Spartan & the Green Egg - A Trip to the Rainforest- by Nabila Khashoggi illustrated by Manuel Cadag, is a new graphic novel written for younger readers. This richly illustrated, larger sized hard cover, full color tale is a hybrid between a graphic novel and picture book, perfect for grade school readers who may be too young for the typical graphic novel genre. This ambitious piece of work, not only is entertaining-with its simple, traditional cartoon styled art, and dialog bubbles- there is also a moral about environmental awareness as well.
This book may seem like a simple adventure that takes place in the Amazon jungle, but the message is more complex. There are subtle hints of New Age teaching with the introduction of new age concepts of "Mind Light", in which the children meditate and use their minds to contact ancient, alien entities through telepathy. Furthermore, wisdom is unexpectedly found in primitive simpler cultures such as the Indian tribe from the Amazon. This primitive culture teaches the young foursome the importance of sharing, and harmony with nature and the environment. Wisdom is found with the "Shaman", and in polytheistic, nomadic cultures.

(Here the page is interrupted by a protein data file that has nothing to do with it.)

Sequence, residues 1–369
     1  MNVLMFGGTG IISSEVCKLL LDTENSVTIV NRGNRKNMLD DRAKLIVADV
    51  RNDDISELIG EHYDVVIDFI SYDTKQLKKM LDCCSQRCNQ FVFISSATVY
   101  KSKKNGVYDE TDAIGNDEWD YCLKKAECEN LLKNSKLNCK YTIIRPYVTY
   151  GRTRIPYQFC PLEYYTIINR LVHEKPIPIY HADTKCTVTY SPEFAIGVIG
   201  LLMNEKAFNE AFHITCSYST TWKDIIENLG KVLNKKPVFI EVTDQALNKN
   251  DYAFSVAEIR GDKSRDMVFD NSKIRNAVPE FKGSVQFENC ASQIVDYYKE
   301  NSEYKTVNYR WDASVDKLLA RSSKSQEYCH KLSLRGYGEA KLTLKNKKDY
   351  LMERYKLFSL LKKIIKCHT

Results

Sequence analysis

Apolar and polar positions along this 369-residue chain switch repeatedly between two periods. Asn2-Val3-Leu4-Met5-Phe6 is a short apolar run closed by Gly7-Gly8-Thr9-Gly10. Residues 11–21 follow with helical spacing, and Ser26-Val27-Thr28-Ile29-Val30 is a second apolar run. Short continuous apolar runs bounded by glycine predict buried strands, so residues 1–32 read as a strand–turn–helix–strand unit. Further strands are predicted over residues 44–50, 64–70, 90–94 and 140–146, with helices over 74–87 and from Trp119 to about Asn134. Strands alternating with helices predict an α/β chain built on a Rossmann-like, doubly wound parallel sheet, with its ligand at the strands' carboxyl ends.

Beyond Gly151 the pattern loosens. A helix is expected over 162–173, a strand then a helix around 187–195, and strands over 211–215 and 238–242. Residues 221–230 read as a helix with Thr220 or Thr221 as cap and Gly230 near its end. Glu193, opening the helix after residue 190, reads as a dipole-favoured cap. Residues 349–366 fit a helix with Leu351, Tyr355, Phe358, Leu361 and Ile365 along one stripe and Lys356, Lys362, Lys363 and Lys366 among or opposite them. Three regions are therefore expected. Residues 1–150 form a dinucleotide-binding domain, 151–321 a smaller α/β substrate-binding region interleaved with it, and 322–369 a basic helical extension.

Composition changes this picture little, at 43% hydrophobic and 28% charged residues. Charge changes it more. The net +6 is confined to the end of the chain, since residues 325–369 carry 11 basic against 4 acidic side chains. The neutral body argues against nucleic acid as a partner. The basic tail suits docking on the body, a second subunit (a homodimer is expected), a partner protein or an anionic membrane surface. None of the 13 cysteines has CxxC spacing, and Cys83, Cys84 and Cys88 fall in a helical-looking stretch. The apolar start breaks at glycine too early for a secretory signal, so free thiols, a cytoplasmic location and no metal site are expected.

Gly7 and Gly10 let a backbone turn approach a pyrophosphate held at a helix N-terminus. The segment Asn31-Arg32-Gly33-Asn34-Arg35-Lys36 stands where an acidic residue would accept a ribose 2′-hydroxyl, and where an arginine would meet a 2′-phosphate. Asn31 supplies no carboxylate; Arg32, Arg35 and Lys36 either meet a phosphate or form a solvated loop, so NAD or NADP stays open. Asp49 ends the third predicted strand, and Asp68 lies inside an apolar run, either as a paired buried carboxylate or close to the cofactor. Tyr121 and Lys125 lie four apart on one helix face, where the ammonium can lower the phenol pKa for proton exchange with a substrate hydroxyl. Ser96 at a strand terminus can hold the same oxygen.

The book promotes social responsibility in caring for the environment as well as the importance of the mind and using one's imagination. Children are introduced the ancient and indigenous cultures and sustainable environmental practices as well. Specifically, the dangers of deforestation for the purpose of financial gain is portrayed in a simple to understand format. Ironically, the children and the alien entity stop the harmful practice of logging and deforestation through deception- in which the logging corporation is frightened into repentance. The idea that the ends justify the means may not universally accepted by all parents. This might be a contradictory message for some readers- but this type of strategy is consistent with dedicated and radical environmentalists who believe that environmental protection is the goal regardless of the tactic or strategy. Some adults might find this book to be a little too "preachy" about environmentalism; overall this book is educational and entertaining. It is a great introduction to human ecology, anthropology and the environment for young children in the highly popular graphic novel format. This book is labeled as "Book 1" implying that there will be more books in this series. As a blogger I received this book published by Full Cycle for the purpose of writing this review.